Domestic violence is a serious offense in any state. Arizona is no different. Thus, the prosecution of domestic violence in Phoenix moves forward in a very aggressive manner.
Felony domestic violence charges are similar in nature to those of assault or battery. But they differ by way of the relationship between victim and perpetrator.
To be domestic violence, the relationship between the victim and assailant must meet certain standards. That is, it must fall under the criminal domestic violence statute’s definition. We will explain those relationships further later on.
If you receive charges of a felony domestic violence crime, you need to know your rights. Phoenix Criminal Defense Attorney Belén Olmedo Guerra is here to fight for those rights. In this post, we’ll answer your questions regarding felony domestic violence and what to do if you’re charged.
Is Domestic Violence A Felony Or A Misdemeanor?
In most cases, domestic violence is a misdemeanor, but this depends on the severity of the crime. In Arizona, if you’re charged with 3 misdemeanors of violence within a period of 7 years, the charge increases in severity. You will then get charged with a domestic violence felony.
The charge generally depends on the circumstances surrounding the act. It also depends on what the prosecutor can prove. They will look at several factors to determine if it’s a misdemeanor or felony. The most important aspect is the severity of the injuries suffered by the alleged victim.
Some other instances where domestic violence is a felony of the first offense might include:
- Bodily harm or sexual assault enacted on a minor.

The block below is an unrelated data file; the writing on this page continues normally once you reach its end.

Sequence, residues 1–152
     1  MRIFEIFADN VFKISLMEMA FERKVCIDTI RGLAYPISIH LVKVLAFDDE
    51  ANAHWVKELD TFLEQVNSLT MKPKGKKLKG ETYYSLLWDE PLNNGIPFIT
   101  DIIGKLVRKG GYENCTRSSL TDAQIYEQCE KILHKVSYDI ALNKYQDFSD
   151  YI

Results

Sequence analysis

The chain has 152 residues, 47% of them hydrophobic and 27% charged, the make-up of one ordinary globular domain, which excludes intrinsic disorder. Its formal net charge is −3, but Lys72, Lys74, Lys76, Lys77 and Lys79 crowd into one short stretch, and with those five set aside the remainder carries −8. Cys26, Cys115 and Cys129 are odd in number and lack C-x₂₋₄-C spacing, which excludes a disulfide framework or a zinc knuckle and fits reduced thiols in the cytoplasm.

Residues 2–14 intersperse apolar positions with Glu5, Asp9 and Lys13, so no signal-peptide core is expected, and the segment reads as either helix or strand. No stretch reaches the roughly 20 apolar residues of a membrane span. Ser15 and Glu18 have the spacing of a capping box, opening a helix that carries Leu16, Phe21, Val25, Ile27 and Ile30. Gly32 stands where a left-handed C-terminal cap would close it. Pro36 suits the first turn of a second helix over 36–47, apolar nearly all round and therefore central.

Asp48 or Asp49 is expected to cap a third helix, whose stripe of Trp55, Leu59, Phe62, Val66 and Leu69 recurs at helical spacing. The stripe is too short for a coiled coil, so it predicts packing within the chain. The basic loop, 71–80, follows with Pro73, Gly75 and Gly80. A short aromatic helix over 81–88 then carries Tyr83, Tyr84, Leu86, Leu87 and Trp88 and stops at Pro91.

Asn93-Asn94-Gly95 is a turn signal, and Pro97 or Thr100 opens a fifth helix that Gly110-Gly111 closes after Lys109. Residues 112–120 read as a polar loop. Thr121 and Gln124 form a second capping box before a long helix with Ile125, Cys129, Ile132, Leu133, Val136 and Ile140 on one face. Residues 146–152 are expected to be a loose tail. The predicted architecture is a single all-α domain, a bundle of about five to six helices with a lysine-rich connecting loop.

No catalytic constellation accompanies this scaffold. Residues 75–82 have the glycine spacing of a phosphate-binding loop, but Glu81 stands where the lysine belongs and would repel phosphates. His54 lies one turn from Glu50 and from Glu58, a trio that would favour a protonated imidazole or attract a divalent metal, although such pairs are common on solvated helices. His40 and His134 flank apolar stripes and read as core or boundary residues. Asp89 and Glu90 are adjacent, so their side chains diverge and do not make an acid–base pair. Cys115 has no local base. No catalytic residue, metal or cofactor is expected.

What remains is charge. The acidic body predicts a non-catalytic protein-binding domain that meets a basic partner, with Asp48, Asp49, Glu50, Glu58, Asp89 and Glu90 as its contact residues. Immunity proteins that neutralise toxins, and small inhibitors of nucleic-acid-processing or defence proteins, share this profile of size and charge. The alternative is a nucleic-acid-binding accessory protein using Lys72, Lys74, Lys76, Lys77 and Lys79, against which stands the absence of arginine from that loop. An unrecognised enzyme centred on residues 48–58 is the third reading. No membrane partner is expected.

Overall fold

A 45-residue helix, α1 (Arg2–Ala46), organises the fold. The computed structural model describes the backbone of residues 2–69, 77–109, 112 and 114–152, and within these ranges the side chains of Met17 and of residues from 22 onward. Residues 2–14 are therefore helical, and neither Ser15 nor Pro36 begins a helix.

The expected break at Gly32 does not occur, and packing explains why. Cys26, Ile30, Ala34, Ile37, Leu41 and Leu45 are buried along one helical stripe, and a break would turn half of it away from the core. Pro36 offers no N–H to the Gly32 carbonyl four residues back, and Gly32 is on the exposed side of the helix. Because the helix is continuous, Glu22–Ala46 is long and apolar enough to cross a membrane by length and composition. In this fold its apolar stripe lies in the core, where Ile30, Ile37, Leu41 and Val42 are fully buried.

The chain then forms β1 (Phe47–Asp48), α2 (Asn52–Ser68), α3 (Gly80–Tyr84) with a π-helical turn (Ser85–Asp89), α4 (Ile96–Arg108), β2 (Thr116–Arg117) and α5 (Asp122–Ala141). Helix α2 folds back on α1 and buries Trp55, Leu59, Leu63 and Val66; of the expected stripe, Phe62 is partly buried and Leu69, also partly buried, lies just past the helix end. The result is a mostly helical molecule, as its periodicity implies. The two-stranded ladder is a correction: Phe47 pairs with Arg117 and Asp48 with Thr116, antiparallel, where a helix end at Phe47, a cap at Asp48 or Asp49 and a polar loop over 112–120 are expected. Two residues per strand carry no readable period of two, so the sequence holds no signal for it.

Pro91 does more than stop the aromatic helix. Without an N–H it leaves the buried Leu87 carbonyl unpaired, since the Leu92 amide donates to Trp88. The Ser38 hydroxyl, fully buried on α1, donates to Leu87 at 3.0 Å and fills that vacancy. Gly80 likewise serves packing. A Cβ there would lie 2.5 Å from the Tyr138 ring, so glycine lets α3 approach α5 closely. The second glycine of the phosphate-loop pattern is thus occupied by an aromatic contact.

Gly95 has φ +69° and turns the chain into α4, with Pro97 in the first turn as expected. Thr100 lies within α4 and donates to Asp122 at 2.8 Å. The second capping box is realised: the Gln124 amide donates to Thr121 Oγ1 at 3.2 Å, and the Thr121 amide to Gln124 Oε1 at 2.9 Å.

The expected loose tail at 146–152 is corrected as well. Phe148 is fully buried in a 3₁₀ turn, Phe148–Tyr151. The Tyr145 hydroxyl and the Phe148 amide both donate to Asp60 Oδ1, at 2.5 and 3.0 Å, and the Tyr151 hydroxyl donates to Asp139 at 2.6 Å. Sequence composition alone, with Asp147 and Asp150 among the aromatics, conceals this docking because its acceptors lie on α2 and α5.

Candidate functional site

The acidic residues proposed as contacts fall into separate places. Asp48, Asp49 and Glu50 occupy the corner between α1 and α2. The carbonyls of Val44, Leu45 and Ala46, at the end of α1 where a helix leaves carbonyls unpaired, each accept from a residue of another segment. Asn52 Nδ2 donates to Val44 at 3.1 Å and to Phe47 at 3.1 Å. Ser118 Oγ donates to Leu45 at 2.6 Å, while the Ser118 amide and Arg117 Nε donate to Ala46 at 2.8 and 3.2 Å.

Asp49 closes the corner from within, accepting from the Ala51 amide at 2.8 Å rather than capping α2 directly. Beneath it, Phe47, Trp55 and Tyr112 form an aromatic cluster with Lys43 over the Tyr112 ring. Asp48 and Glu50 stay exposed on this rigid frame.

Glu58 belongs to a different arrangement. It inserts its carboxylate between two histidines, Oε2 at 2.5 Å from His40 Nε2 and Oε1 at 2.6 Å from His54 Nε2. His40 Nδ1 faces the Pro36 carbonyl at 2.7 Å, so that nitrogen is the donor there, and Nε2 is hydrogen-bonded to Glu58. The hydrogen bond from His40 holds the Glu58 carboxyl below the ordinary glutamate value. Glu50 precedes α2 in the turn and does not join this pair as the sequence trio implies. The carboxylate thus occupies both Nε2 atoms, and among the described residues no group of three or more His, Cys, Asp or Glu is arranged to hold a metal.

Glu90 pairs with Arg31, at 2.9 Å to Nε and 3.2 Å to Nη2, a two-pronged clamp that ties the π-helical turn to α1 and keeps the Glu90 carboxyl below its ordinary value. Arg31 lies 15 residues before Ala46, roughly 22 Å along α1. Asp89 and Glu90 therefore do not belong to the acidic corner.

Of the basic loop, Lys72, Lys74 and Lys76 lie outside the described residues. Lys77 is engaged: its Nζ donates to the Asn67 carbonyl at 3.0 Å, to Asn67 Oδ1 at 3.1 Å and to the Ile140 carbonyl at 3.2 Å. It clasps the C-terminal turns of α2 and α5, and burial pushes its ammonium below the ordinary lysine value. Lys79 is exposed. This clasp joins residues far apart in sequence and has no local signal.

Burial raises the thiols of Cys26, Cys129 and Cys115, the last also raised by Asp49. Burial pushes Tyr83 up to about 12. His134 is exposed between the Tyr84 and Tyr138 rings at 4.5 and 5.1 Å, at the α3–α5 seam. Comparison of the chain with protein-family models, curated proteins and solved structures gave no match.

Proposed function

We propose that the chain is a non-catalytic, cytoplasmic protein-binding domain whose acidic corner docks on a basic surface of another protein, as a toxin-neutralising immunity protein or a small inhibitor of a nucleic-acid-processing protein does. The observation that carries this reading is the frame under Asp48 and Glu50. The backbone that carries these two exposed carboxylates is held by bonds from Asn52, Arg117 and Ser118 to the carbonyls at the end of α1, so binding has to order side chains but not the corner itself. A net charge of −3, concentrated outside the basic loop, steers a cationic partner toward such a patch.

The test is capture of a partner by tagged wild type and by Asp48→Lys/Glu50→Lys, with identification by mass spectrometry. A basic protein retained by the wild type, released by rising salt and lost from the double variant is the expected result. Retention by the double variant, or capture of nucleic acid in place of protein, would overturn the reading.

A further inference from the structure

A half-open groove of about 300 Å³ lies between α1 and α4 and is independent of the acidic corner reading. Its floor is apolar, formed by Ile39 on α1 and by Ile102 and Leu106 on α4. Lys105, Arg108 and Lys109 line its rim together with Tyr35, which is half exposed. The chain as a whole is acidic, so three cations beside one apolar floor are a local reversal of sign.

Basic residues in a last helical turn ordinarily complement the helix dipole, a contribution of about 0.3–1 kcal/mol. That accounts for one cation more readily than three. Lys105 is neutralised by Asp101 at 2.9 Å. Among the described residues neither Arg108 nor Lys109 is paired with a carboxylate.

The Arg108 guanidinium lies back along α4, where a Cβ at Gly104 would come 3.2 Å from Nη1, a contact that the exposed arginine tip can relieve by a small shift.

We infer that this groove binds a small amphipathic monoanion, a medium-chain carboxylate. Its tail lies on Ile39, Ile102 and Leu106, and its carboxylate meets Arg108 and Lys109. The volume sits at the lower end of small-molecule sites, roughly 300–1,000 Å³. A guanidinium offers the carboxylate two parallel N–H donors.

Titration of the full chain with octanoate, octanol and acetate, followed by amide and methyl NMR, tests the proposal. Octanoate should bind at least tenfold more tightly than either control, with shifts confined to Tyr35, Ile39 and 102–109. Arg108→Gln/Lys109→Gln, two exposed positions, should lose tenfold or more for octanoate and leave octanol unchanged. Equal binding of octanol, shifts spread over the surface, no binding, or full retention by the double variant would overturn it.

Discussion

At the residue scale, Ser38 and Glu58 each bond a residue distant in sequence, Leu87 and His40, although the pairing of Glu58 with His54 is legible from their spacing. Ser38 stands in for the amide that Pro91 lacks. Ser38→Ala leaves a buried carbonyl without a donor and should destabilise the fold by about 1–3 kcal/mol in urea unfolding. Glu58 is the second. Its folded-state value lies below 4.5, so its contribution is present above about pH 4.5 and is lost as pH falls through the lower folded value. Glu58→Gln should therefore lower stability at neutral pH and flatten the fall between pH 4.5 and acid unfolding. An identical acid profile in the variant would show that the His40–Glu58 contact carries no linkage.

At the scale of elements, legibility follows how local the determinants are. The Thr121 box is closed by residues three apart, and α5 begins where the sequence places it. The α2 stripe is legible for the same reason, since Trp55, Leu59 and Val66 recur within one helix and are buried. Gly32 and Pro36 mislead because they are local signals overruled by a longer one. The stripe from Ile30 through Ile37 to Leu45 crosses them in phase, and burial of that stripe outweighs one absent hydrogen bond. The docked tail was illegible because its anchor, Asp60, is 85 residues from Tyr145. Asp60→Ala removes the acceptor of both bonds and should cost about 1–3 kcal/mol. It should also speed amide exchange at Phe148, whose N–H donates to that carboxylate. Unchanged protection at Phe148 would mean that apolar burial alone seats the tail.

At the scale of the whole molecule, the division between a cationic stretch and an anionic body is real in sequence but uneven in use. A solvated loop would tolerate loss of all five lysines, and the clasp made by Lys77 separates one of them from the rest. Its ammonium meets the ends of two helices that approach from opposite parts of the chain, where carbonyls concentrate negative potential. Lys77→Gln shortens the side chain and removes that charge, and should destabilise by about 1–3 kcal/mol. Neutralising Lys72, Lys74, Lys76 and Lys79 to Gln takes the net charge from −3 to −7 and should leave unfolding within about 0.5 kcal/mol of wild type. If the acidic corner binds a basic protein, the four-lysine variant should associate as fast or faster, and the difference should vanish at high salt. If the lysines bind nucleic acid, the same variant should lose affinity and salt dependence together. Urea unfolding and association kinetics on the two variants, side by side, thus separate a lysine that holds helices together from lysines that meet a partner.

- Serious bodily injury to the victim.
- Victim was sexually assaulted.
- Perpetrator has prior convictions for separate, unrelated crimes.
Felony convictions carry much heavier penalties than misdemeanor crimes. This includes longer prison times, longer probation, and more community service hours. It also results in a higher amount of fines. (See our blog: Arizona Felony Sentencing Chart.)
What Is Felony Domestic Violence?
Domestic violence doesn’t only refer to violent acts. It can also relate to physical, sexual, emotional, or neglectful abuse. Economic or financial control is also a form of domestic abuse.
Different states have different classifications for a domestic relationship according to their statute. In Arizona, it is domestic violence if the perpetrator inflicts abuse on any of the following:
- Boyfriend or girlfriend
- Relative or relative of spouse
- Sibling, child, in-law, grandparent, etc.
- Ex of any sort
- Parent of their living or unborn child
- Current or former romantic or sexual partner
Any type of intimate relationship with the victim equates to a domestic relationship. The relationship can be a previous or current one.
Here’s a list of the more common crimes associated with domestic violence:
- Assault and Battery
- With or without a dangerous weapon
- Criminal Trespassing
- Violation of Protective Order
- Disorderly Conduct
- Criminal Abandonment
- Threatening and Harassing
- Including aggravated and cyberstalking
- Witness Intimidation
- Criminal Neglect
What Is The Maximum Sentence For Domestic Violence?